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I watched a man die; why CPR is so important

Back when I was about 14 years old, some friends and I rode our bikes up to the neighborhood bowling alley for a Saturday afternoon of fun.

At some point I happened to notice a man lying face down on the bowling approach a few lanes to my right. He was starting to turn a purplish-blue color. Having learned CPR years earlier as a cub scout, I knew what to do. But as a 14-year-old, I wasn’t assertive enough to just walk over there. So I went to the bowling alley manager and asked for permission to help the man. He strictly forbid me from going anywhere near him; I guess he was afraid of a lawsuit if I tried to help and the man died (nowadays, the law protects good Samaritans who, in good faith, are trying to help a person). Or maybe he didn’t think that a 14-year-old kid who probably looked like he was 11 or 12 was even capable of saving the man’s life, and would just get in the way.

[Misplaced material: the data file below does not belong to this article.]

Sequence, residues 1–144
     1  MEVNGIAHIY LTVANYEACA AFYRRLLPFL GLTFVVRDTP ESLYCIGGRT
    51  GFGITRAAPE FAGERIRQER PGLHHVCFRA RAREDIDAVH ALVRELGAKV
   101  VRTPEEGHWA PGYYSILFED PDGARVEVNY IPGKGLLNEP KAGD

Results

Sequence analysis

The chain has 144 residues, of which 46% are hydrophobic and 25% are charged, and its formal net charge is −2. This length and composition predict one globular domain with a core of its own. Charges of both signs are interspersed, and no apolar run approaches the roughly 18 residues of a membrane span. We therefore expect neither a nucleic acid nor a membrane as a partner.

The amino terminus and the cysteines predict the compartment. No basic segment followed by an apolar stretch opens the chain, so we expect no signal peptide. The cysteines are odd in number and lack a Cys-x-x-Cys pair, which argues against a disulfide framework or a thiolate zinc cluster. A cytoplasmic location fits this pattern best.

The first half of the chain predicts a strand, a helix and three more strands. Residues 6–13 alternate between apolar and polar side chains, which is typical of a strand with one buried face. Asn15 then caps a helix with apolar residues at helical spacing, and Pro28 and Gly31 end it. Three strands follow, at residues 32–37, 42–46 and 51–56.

I wanted to at least go over there and roll the man onto his back and open his airway by tilting his head back. Nobody was doing anything -- he was just lying there face down on the bowling approach. But I did as instructed and stayed back and watched as the EMS crew arrived and rushed him to the hospital. On their way out, I was able to ask one of the medics what hospital they were taking him to, and he told me.

The next day, I called the hospital’s emergency department and, fortunately, happened to get on the phone with one of the nurses who treated the man when he was brought in. She gave me the sad news that he had died. I asked her if it would have made a difference had I been allowed to perform CPR, and she told me that just rolling him on his back and opening his airway might have saved him.

This has haunted me my entire life. I knew what to do, but wasn’t confident enough to just go over there and start CPR. I watched a man die. And I could have saved his life. I cannot emphasize how important it is to know CPR, and have the confidence to use it if the need arises. My advice is to not assume anything.

If you are in a position to save somebody’s life, do it.


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